We wait and watch.

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Bev Harris Today on KUDO – Alaska’s Strange Election Numbers.

11 11 2008

Tune in today to KUDO 1080am.  Bev Harris from Black Box Voting will be on in the first hour to talk about Alaska’s strange strange election numbers.

Also discussed will be Sarah Palin’s upcoming trip to Florida for the Republican Governors Conference.

To get the live stream, click HERE.





Palin Ignores Mosquitoes at Her Peril.

11 11 2008

Turns out there was just too much in that little 9 1/2 minute interview to cover in one day. This is installment #4 in picking apart Sarah Palin’s interview by the Daily News and KTUU in her Wasilla home on Sunday.

I found this particular question to be quite fascinating…probably because I was involved personally in the incidents discussed. I covered extensively the protest rallies in Anchorage that occured while Palin was on the campaign trail. I’ll recap, just to clarify:

1) Alaska Women Reject Palin – This rally happened at the Loussac Library and had about 1500 attendees, mostly women. Nobody had ever seen anything like this. Anchorage rallies usually manage to round up a couple dozen people…if they’re lucky. This was epic. There was a sea of homemade signs slamming her positions on reproductive rights, aerial wolf hunting, troopergate, global warming and croneyism. Anyone at that rally knew that something had awakened in the Alaskan people, that had resulted in something unexpected – an engaged citizenry.

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2) Alaskans for Truth Rally – This rally happened at the Park Strip in downtown Anchorage, and had approximately 1800 attendees. The focus of this rally was to hold our Governor accountable for her actions, and to demand the immediate resignation of Alaska State Attorney General, Talis Colberg. Colberg advised state employees that they could disregard legislative subpoenas, and they did. Sarah Palin had promised to cooperate with the Legislative investigation, and she didn’t. The organizers were wondering if that first rally was an anomaly. They wondered if they could pull off a repeat. They did, and more. Speakers included local activists, progressive media, Republicans, representatives of the Native community and the Alaska State Troopers, and even Walt Monegan’s mom. The other purpose of this rally was to show support for former Commissioner of Public Safety Walt Monegan, independent investigator Stephen Branchflower, and State Senator Hollis French, all of whom had been mercilessly and unfairly slandered in the media by Palin and her mouthpiece, Meg Stapleton.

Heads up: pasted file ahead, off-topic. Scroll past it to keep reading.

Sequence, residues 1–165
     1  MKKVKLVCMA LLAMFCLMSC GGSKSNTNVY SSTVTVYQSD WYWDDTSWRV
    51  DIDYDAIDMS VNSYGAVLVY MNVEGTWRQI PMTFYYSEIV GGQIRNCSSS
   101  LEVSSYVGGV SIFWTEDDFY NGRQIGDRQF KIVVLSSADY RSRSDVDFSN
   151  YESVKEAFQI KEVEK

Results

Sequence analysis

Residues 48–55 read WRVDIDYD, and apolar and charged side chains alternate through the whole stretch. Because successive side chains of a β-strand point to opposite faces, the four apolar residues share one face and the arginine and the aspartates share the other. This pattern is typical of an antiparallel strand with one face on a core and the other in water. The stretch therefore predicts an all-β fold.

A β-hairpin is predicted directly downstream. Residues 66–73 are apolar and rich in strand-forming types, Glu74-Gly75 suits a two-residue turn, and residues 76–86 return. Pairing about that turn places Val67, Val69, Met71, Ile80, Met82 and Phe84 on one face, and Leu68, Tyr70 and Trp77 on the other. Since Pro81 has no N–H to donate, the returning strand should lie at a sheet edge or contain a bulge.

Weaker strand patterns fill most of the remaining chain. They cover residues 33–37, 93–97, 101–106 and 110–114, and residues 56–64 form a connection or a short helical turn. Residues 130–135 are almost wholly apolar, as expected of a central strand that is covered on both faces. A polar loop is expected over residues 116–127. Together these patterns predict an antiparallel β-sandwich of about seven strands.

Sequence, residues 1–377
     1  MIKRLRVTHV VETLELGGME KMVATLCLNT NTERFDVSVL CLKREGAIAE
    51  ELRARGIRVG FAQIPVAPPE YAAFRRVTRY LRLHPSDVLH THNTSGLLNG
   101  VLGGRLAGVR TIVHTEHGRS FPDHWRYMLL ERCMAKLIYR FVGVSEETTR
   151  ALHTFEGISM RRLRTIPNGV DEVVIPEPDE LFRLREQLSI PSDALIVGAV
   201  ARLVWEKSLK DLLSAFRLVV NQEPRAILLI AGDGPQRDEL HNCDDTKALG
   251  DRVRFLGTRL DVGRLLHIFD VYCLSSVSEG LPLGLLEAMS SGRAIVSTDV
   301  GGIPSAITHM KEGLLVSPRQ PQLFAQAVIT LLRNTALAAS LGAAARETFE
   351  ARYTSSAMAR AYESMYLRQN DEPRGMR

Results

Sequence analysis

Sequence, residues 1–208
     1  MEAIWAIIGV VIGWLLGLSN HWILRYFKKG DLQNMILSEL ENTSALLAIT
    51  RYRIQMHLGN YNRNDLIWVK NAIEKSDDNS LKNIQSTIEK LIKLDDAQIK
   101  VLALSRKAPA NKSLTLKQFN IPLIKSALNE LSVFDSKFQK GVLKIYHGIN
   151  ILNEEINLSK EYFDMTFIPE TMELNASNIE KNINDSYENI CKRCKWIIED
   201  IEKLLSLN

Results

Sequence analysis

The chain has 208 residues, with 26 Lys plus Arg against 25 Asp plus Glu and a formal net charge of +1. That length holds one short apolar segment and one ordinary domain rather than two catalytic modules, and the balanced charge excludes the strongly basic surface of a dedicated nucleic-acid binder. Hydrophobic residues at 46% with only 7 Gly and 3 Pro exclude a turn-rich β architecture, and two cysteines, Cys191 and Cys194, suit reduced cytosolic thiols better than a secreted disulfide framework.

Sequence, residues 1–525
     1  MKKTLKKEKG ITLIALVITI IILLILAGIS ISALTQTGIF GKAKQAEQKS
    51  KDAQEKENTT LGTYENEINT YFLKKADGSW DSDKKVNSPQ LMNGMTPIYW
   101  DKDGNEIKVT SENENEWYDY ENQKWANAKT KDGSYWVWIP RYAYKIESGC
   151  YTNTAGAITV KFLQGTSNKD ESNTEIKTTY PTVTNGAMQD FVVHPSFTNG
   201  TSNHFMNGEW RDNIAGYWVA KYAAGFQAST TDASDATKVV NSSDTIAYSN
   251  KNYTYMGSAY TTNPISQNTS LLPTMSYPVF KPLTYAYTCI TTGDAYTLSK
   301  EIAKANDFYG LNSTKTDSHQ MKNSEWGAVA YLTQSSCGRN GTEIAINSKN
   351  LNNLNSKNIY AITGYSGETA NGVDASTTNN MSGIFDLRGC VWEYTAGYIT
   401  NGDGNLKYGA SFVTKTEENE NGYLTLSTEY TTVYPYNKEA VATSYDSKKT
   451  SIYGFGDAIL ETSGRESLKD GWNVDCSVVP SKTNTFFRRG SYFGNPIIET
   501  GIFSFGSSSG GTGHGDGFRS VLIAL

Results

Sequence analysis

This rally got much more media coverage than the first one, and resulted in Mudflats having its busiest day ever, with more than 1/3 of a million hits in 24 hours. It was covered by the Anchorage Daily News, CBS, national blogs, local blogs and all local TV stations. The national coverage was not massive, but it was significant, and it’s doubtful that this went unnoticed by Palin, and it certainly didn’t go unnoticed by her staff still in Alaska.

So, yes….I was curious to see how Palin would answer this question.

Q. Governor, were you aware that during the campaign there were some large protests in Anchorage against your candidacy, as well as your handling of the Walt Monegan issue? What do you think about that and what can you do to bring those people back?

Palin: To bring those people back in terms of…..and I wasn’t aware of the protests ’til like after they happened. I’d hear about it. A friend emailed me or somethin’ sayin’ there were placards out there saying whatever they’d say. (waves hand dismissively) I think that’s the nature of a a national level campaign also some you know they evidence of that the opposition to our ticket on the national level that that’s going to be expressed here on the local level too.